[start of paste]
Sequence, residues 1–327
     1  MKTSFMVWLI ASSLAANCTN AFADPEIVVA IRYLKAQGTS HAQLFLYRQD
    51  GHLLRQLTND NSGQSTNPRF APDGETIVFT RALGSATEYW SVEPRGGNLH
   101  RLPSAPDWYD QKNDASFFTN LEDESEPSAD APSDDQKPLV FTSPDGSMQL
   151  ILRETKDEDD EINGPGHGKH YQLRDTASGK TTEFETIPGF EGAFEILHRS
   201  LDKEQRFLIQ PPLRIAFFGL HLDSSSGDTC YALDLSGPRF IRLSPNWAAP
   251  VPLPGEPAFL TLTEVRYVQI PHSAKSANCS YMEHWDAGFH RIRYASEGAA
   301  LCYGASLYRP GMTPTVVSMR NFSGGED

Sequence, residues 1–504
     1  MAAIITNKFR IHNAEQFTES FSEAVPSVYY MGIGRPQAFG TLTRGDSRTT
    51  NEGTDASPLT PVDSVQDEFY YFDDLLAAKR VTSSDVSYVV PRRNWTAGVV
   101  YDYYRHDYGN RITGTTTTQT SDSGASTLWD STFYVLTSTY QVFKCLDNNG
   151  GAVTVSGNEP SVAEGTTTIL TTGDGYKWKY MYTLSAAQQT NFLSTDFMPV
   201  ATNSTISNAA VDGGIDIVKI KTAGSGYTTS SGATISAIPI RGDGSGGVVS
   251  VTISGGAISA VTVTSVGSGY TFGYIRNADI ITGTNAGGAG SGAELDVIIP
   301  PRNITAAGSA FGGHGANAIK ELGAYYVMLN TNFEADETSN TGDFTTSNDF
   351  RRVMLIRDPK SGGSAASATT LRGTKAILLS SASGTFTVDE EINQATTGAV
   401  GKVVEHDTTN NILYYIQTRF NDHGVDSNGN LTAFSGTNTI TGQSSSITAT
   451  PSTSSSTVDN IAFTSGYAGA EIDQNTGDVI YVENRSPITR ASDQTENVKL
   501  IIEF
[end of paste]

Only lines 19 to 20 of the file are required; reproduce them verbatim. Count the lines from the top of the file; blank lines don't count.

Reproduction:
   451  PSTSSSTVDN IAFTSGYAGA EIDQNTGDVI YVENRSPITR ASDQTENVKL
   501  IIEF